Apple devices come with a very hefty price tag. The natural assumption is, iPhones and iPads owners must have a lot of interesting things a hacker might want to get their hands on. For such reasons, iOS devices continue to remain a prime target for hackers looking to steal online banking login credentials, user’s identity, files, documents, photos, and videos among other things stored or accessible on a smartphone.
Although in recent years, iOS has seen much less vulnerabilities. Still, that is not an assurance that your iPhone or iPad is hack-proof. Therefore, it is natural that you will want to put as much wall security between your phone and would-be hackers. Four security apps have popped up on our radar, and according to reviews across several tech news sites, they are plenty of positive reviews. They are as follows:
#1 – LastPass
To have strong security as you jump from one site to the other online is a strong, unique password for each one; that is different from the next. The biggest problem with most users is that they set one simple password they can easily remember and use it across multiple websites.
The art of setting a strong password entails string of random numbers, letters, and special characters. No two sites should have the same password. To the average user, setting multiple passwords, each unique for the various sites, will have trouble remembering them.
Well, with LastPass, you never have to remember any password. Yet the app sets a very strong password for each of your various accounts. This app unlike other password manager apps out there, it strikes a balance between pricing and rich-features. It comes with ‘Security Challenge’ feature, which scans all your passwords for your various online accounts and grades them. Doing so will help you improve the passwords that are weak, and you end up with strong passwords for all websites.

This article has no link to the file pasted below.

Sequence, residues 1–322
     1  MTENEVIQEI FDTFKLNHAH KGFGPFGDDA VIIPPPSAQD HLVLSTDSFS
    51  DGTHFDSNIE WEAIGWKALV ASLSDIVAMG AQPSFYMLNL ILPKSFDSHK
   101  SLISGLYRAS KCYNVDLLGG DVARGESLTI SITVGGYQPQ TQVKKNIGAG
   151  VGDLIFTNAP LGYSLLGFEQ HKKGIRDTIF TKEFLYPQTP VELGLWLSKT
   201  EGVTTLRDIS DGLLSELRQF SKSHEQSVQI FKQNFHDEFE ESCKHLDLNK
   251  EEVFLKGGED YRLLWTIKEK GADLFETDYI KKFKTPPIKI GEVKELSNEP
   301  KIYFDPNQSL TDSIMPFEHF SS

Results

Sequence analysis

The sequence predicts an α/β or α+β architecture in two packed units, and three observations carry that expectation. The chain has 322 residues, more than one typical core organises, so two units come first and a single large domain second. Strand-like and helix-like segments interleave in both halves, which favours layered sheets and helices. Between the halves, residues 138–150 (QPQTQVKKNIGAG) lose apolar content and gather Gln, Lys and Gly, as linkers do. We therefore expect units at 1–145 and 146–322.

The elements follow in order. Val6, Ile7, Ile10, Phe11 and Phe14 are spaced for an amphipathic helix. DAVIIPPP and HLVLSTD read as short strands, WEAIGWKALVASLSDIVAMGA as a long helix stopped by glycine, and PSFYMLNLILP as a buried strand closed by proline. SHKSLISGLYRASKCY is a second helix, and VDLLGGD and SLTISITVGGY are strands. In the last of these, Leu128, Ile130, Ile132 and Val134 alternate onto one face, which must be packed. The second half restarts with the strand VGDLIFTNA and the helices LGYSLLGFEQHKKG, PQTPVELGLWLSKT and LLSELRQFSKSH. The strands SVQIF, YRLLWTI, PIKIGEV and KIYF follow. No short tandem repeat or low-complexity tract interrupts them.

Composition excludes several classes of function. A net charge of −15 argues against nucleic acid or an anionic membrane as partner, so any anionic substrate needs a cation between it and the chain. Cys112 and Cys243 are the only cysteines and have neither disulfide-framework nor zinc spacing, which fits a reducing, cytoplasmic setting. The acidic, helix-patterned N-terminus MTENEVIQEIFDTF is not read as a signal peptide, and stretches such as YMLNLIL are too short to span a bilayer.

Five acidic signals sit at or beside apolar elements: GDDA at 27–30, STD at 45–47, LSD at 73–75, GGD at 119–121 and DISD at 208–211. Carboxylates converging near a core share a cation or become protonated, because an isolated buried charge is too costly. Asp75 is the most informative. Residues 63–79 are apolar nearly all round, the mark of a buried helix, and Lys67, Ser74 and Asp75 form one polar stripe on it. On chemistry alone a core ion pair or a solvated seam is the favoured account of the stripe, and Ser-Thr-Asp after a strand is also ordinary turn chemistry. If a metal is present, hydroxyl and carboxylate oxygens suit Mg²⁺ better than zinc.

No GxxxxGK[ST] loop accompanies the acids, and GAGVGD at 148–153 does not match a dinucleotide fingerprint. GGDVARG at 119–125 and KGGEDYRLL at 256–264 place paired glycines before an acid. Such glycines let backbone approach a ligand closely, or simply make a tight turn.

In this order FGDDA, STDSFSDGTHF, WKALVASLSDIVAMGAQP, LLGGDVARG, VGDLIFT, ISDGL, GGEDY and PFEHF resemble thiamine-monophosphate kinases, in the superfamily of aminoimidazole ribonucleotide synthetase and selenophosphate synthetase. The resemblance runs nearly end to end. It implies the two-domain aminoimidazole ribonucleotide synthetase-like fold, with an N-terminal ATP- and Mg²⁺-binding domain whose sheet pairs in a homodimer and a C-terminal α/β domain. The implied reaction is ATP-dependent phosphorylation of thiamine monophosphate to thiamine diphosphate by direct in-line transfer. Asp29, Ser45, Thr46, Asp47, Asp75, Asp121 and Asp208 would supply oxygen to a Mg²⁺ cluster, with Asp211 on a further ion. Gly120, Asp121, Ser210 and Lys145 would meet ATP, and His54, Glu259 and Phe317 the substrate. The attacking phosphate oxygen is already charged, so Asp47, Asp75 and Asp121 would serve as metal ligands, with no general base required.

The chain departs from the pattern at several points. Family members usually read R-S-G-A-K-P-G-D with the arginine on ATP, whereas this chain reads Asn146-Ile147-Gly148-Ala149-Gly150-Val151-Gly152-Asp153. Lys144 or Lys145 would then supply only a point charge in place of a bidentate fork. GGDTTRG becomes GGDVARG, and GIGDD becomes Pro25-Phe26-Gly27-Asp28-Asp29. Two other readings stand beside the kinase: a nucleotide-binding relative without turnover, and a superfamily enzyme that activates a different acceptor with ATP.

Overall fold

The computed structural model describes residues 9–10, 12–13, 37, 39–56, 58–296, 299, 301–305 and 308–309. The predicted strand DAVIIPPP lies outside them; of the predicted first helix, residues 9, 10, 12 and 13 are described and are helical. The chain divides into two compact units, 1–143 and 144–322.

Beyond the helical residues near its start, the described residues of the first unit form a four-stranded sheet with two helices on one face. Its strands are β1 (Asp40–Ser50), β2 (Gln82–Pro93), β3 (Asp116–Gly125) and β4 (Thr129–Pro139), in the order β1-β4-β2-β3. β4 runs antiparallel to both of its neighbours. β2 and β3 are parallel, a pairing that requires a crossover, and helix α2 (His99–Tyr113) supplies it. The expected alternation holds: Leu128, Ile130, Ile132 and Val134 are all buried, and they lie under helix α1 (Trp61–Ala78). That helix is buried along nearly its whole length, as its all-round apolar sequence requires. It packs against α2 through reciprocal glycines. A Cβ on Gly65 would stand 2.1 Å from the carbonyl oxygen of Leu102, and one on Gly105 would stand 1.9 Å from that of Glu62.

#2 – NordVPN
Anything you do online entails data traveling from your smartphone to the internet (on to servers hosting the apps or websites) and back to your phone. If these data are not well-protected, hackers could easily intercept this data at any point along the way.
To keep hackers from intercepting your data, use VPN to encrypt that data (except for DNS requests). However, no two VPNs are the same. Obviously, some are stronger than others, at the same time, some are free, others are premium, and others are on the high-end pricing scale.
We would advise you to try and keep away from free VPNs if you can; most comes with a host of other security concerns. They have a history of masking malware, adware, spyware, or simply have a limited data option.
We recommend using the premium VPN, NordVPN. It strikes a good balance between pricing and security giving your data the highest encryption levels. NordVPN comes with a nifty feature, Kill-Switch, which severs connections should your VPN unexpectedly drops. The VPN also continuously keeps tracks of harmful sites and will scan URLs you’re about to click to prevent you from opening harmful websites.
#3 – Signal
Is you are sending messages from iMessage to another user who will read it on iMessage on their iPhone. You will be glad to learn that Apple encrypted iMessage with end-to-end encryption. However, chances that the recipient is on an Android and thus not having iMessage is very high, as the Google mobile OS is the most popular. To send messages back and forth and ensure they’re encrypted, it is important to use a messaging app that works across all platforms. The messaging app Signal comes highly rated as end-to-end encryption, and it works on iOS and Android.
#4 – ProtonMail
Well, data interception don’t only happen with SMS messaging only. While Apple baked Mail app into its iOS as an email client that comes with encryption, but it is not enabled by default. The user must dig into the settings and turn on email encryption, but only a handful of iPhone or iPad owners do that. For that reason, many emails sent on iOS devices are unencrypted and could be intercepted by hackers.
However, ProtonMail automatically encrypts all emails using the strongest cryptographic tools available. ProtonMail comes with end-to-end encryption between the ProntonMail users (if both sender and receiver have installed the app). If the receiver does not have the app, the sender will still send the email as encrypted data, and the recipient will get a one-time decryption key that will allow them to read the message.